I think this episode really drives my earlier argument that Lydia’s “downfall” (or as I like to think of it) her crisis, is not the reputation damage of the sex tape. It’s her response to it. It’s her response to having all of her love and trust broken to pieces over money. And if Lizzie were as judgement as she had been at the beginning of the series, Lydia’s crisis would be intensely magnfied.
Lydia uses Lizzie’s own words, that she was a “stupid whorey-slut again” when she describes what’s happened. She’s assuming Lizzie hasn’t reevaluated her opinion, and that Lizzie is going to blame her. That is a large part of the hurt she’s going through, that she is little more than the rumors say she is, and that she’ll never be worthy of her sisters’ respect…
I liked this whole post a lot, but I’m reblogging especially for this part:
Some people might find it problematic that Lydia’s consent to filming the sex tape had to be dubious in order to garner the sympathy of the audience. I agree that this highlights slut shaming attitudes in society, that we need the girl to be not ok with the sex tape itself for her not to be at fault when her boyfriend posts it on the internet. It’s so common for us to say “well if she didn’t want that picture of her tits texted to all her school, she shouldn’t have sent them”. So I can see why the authors would want to distance themselves from that critique. Because it is one that is painfully common in our society. In an ideal world we’d always blame the distributer who acted without consent. In a perfect portrayal, Lydia wouldn’t need to be victimized further by making the consent to even make the tape dubious and under the influence of emotional coercion.
But the writers don’t write in a vacuum. Lydia in the books is a victim, and the more Wickham aims at undermining her agency, the more victimized she becomes. Because that’s part of the pain of being a victim. And while those of us on tumblr who know it’s always the fault of the person who distributed without consent, a large part of our socieltal sexual mores blame women who record their sexuality regardless as to whether or not they ever intended for it to become public. And they have to work within that the way Austen had to work within the sexual mores that left women who’d had premarital sex impoverished prostitutes.
Back during the Lizzie x Wickham episodes I noticed, and was confused by, the way the show seemed to be tapdancing around a bit on the question of whether or not Lizzie and Wickham had had sex. Then (if I’m remembering the sequence of events correctly) they explicitly told viewers that no, they hadn’t.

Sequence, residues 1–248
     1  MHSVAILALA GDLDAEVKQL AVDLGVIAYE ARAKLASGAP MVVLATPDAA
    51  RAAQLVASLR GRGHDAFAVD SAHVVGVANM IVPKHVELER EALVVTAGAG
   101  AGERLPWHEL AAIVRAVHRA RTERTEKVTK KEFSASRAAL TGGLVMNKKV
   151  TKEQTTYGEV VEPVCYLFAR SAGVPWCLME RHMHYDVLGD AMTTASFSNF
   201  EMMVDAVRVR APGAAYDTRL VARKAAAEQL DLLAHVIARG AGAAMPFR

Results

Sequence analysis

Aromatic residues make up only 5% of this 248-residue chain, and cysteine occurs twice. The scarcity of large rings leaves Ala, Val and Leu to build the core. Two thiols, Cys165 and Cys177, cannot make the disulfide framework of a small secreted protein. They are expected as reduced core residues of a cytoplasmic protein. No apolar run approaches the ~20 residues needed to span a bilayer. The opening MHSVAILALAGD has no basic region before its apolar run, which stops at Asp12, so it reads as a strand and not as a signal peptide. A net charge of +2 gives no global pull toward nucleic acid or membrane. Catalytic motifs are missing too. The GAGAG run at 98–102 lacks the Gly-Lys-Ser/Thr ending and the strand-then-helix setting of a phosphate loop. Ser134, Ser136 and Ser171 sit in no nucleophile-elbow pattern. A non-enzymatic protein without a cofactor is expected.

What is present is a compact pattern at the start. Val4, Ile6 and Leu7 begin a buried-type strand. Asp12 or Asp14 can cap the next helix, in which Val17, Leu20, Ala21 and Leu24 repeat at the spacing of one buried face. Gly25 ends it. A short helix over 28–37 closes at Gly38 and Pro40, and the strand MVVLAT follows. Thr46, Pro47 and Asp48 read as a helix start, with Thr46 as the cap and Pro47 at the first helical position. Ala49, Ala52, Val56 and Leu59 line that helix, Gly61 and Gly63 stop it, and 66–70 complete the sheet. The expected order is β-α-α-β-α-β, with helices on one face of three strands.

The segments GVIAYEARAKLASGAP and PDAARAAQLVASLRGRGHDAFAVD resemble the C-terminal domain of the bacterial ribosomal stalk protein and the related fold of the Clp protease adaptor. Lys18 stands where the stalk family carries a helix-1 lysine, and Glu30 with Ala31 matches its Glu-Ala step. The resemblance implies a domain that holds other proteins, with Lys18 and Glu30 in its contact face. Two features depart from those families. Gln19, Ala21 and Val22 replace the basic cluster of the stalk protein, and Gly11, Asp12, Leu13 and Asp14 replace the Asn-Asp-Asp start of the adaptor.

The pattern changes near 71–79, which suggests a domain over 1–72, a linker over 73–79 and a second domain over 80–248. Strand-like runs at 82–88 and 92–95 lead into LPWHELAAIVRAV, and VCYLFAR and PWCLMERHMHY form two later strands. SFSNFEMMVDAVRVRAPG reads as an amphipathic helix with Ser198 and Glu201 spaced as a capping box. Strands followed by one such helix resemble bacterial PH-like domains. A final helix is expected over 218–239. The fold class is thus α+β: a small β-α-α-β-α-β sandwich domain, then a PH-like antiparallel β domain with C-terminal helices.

I remember thinking it was kind of odd, because as I watched the way Lizzie and Wickham were acting toward each other, considering their ages and cultural context, I assumed that they would have been having sex at that point. But I’m a product of a different culture than a lot of viewers, and I ended up deciding that the approach they were taking arguably made sense for who Lizzie was. It just wasn’t quite the way I’d been picturing her in my head up until that point.
The stuff in the last episode emphasizing that Lydia was pressured into making the sex tape strikes me as somewhat similar in tone. I’ve seen some of the criticism that argues that by even acting like the narrative needed to present Lydia that way, the show is perpetuating sex negativity and slut shaming. And I guess I see where that argument is coming from. In a perfect world they wouldn’t have felt like they needed to do that.
But I pretty much buy vexingly-verbose’s argument here. I think that just as Jane Austen was not explicitly endorsing the sexual mores of her time by constructing a narrative that lived within that context, the LBD creators are not explicitly endorsing our culture’s sexual mores in how they’ve chosen to present Lydia.
It’s more complicated, too, because our culture doesn’t have the kind of consensus on what those sexual mores are or should be the way I imagine Austen’s culture did. If you look at a recent US electoral map and at the extreme divergence between the Democratic and Republican parties’ positions on sex and gender issues, it kind or brings home how difficult it is to create a narrative concerning morality and sexual agency that will play in a satisfying way in both parts of the country.
I think I remember reading that Rachel was born and raised in a conservative Texas household, and that Mary Kate was born and raised in a conservative Arkansas household. I wonder how that background contributed to their choices in creating Lydia.
Reposted from http://lies.tumblr.com/post/42932557051.